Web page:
Friday, July 17, 2009

I have a Dream

Getting a blog going is tough. So is working with children, having a social life, sharing a car and constantly day dreaming. I haven't been cooking. I haven't been reading. I have, although, been living, I promise. And some of those daydreams are of posting regularly, cooking all day long, falling in love with one thing or another, mastering odds and ends and foreseeing the future.

The last few weeks have been full of 8 hour days with children, social events, questionable text messages and tons, and tons of baseball. Getting off at 6pm I don't run to the store, then come home and cook. Being home all day, I still don't feel like cooking. Those 7:30-2 days are beyond my favorite, and I do cook. Those are just far to rare.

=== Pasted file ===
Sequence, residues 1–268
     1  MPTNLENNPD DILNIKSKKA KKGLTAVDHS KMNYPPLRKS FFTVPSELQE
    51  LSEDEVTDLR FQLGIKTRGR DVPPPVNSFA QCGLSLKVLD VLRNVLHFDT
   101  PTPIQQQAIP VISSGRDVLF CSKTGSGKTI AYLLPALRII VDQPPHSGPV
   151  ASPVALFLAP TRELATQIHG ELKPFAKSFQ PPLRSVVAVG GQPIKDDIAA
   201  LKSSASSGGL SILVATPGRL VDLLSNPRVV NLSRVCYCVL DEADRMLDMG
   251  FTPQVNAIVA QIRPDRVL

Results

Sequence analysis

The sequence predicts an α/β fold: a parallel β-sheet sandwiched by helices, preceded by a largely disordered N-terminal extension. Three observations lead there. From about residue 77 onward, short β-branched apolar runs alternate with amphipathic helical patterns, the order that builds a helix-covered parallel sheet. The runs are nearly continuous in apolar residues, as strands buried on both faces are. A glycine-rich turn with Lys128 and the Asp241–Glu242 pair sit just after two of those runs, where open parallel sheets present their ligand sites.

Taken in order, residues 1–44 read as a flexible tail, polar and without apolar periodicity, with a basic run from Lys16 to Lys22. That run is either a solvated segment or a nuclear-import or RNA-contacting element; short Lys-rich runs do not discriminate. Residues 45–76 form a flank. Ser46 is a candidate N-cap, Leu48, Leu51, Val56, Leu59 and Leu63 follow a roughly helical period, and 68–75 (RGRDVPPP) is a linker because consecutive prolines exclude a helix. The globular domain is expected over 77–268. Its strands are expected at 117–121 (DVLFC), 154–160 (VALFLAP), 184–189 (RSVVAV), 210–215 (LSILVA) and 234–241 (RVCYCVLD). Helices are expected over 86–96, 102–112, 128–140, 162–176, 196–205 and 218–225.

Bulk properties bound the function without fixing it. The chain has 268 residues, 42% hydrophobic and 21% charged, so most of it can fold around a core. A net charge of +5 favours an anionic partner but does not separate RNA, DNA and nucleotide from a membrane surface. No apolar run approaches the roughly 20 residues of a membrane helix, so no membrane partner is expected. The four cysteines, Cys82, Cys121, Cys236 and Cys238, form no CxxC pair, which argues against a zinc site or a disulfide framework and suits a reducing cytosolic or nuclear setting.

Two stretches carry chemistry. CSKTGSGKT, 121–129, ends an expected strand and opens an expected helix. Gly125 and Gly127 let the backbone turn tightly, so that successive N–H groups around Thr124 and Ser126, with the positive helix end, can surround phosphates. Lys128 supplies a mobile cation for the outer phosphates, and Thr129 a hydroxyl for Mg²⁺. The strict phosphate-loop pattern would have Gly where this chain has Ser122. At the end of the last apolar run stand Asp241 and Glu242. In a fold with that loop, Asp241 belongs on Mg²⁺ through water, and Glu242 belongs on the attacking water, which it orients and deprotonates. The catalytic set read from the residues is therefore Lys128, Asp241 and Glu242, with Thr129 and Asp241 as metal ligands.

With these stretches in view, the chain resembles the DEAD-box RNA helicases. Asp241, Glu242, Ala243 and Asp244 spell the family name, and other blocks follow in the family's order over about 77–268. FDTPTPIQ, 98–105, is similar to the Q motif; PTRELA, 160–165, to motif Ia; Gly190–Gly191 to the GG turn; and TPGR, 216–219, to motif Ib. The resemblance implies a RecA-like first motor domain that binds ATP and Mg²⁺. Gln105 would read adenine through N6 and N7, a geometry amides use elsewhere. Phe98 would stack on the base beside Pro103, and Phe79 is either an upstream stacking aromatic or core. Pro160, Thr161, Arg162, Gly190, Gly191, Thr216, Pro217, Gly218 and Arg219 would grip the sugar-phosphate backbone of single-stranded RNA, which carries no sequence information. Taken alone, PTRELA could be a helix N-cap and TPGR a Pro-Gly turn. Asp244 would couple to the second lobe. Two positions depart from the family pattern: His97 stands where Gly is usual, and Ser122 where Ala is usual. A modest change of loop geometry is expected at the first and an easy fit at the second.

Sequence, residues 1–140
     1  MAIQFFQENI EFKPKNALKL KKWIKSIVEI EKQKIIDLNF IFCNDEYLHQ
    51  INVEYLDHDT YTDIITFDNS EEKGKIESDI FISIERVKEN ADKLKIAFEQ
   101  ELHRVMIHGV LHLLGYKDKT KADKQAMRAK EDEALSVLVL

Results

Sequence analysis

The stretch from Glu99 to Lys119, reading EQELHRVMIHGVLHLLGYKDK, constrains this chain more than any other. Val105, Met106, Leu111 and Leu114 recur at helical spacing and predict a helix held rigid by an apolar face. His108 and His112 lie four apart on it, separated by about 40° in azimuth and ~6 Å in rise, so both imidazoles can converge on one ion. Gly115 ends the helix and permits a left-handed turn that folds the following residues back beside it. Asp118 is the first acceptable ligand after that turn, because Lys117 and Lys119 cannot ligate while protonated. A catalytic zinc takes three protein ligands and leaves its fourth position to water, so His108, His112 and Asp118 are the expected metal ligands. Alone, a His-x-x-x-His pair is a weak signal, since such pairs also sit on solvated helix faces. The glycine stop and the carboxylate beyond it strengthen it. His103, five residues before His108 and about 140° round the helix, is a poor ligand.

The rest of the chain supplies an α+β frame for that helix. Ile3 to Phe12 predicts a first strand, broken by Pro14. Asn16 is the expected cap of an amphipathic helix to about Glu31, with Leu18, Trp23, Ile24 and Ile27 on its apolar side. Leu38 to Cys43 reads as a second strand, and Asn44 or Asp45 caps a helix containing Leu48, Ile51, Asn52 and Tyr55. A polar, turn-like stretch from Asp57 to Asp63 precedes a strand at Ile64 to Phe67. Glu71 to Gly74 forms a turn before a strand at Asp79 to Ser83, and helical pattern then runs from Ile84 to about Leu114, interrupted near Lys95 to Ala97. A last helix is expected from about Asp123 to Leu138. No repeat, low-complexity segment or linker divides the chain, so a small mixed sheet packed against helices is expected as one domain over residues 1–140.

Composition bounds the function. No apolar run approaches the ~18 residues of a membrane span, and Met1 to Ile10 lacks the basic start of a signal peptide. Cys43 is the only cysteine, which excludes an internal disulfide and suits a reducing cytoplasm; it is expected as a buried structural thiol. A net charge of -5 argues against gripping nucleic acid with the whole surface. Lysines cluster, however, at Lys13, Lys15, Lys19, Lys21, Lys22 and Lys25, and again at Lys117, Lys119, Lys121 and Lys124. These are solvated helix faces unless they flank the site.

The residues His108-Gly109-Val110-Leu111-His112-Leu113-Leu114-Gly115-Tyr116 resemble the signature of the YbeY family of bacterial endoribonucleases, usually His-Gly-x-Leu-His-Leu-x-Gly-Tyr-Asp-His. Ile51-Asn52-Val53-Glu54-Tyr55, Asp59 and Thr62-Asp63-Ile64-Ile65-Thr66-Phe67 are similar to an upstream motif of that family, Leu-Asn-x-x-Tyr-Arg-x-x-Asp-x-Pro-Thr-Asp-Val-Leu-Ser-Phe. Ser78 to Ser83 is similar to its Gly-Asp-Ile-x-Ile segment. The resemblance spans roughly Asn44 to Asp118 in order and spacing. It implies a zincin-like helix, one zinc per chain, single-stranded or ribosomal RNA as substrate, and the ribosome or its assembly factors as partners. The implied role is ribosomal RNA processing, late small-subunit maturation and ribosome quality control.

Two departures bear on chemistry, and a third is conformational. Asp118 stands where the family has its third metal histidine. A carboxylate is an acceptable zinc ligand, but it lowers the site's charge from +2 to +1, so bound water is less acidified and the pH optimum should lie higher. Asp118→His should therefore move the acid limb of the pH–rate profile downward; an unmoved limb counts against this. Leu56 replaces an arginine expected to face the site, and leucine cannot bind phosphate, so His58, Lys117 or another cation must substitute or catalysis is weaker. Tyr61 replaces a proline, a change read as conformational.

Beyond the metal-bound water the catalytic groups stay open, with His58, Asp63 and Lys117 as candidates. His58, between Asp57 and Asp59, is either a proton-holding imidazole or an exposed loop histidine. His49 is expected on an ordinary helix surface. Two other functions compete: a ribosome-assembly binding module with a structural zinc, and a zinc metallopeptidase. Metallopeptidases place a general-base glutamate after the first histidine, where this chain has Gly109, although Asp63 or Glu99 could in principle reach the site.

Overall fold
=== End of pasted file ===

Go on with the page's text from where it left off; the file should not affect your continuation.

This summer's been a blur. We are headed to the east coast to see family and celebrate my dad's 55th Birthday. The All Star Game has came and gone in more ways than one; we hosted, we attended, we acted amazed, we celebrated a loss, we were the spot light. And while so many locals were unsatisfied at the treatment of Stan the Man (I see their point, to an extent, he is 88; and who knows what he asked for. Maybe we respected his wishes.) I was thrilled with everything. Yadier's selection by fans. Franklin by the Phillies manager. Albert astonded me with every move, even going 0-3 and not winning the Derby - he's amazing, why can't everyone be albert. Go watch an interview with him from last week, he's convinced he's not the best player in baseball - he's wrong. The whole world saw what St. Louis is and will always be (and hopefully learned we don't churn our own butter while dodging bullets).

When I return from the east, I will post over and over and over again.